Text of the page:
Heartworm is a particularly nasty disease that can be found in almost all parts of Australia, particularly where mosquitoes predominate. Luckily even though it is difficult to treat, it is very easy to prevent.
Heartworm is a parasite that can be readily transmitted between an infected dog and your dog by mosquitoes. The immature stages of heartworm are transferred after the mosquito bites and then migrate through the blood stream until they lodge in the right side of the heart and develop into adults. This whole cycle takes 6 months to be completed.
The adult worms can reach 35cm in length and cause damage to the blood vessels and interfere with the blood supply to the lungs. The increased workload on the heart may eventually result in HEART FAILURE and therefore death.
Heartworm can be treated in dogs, however the drug used to treat it is arsenic based and poses a great deal of risk to the patient – often hospitalisation for up to a week is required. On top of this, the therapy is very expensive and some dogs may not survive the course.
For these reasons heartworm is much more easily PREVENTED than treated.
Heartworm in dogs can be prevented by many products although over the years we have found the yearly Heartworm injection to be the most cost effective and user friendly medication by far! It also guarantees to be in the system for the year and cannot be spat out and isn’t difficult to get into the dog.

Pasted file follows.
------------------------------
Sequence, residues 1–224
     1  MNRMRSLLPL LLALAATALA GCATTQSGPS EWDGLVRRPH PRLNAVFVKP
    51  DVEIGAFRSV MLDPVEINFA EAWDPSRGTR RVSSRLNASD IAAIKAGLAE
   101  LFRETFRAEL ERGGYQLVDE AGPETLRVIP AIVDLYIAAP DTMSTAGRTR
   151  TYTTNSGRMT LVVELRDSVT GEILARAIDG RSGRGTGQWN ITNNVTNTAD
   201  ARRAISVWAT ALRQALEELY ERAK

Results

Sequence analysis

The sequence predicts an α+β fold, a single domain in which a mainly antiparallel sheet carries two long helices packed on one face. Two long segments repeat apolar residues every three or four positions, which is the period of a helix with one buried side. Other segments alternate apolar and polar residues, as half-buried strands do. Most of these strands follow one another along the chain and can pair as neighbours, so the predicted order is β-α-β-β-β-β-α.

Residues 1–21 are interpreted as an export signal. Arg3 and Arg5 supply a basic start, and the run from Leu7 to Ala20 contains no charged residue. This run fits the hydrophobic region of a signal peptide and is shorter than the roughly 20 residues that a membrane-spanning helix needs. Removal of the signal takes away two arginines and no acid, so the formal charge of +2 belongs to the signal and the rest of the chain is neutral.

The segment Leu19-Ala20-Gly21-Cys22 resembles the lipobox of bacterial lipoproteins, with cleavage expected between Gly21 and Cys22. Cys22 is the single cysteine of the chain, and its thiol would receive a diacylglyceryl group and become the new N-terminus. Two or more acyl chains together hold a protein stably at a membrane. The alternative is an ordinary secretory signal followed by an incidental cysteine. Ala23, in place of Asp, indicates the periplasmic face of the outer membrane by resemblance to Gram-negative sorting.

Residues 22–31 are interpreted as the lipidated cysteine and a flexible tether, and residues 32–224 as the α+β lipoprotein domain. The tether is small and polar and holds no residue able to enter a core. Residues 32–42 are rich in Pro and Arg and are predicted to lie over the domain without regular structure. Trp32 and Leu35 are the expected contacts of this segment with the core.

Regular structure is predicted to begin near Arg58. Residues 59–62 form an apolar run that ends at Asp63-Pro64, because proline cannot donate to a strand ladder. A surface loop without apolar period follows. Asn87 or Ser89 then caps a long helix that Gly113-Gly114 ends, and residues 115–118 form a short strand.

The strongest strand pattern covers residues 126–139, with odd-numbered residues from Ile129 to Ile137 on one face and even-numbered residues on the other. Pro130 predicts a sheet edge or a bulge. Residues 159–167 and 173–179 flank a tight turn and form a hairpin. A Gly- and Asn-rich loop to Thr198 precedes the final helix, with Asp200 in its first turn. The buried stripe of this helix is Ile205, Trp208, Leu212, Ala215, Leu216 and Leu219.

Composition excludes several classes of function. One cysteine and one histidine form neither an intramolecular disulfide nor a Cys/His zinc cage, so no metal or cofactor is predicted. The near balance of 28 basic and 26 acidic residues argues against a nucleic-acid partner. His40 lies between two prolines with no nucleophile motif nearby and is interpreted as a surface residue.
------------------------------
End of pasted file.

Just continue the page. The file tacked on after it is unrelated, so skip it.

There are many Heartworm preventative preparations available, besides the yearly injection. Most others are a monthly application of either a liquid on the back of the neck or a monthly tablet or chew. Many monthly liquid applicator products are more expensive to use for Heartworm control, as they not only cover Heartworm but also treat other things such as ear mites, some gut worms, fox mange and fleas. Although many things are covered and overall this appears to be a broad coverage for many problems, most of our pet dogs are not afflicted by half of the pests covered by the products. So we would be ‘over worming’ our dog by applying a monthly applicator or chew which not only covers Heartworm control (which is definitely needed monthly) but instead of the 3 monthly required worming. On top of that these products don’t cover all gut worms, so every 3 months another all worming tablet would be needed to complete the worming process. Ear mites should be treated when there is a problem, which is generally less frequent.
In summary, at Dr Jana’s Vet Centre we recommend Heartworm prevention on a yearly basis by injection, gut worming 3 monthly and fleas over the summer period. Ear mites and mange would only need to be addressed if there was actually such a problem present in your dog. This saves you a lot of money and uses products conservatively and when they are actually required.
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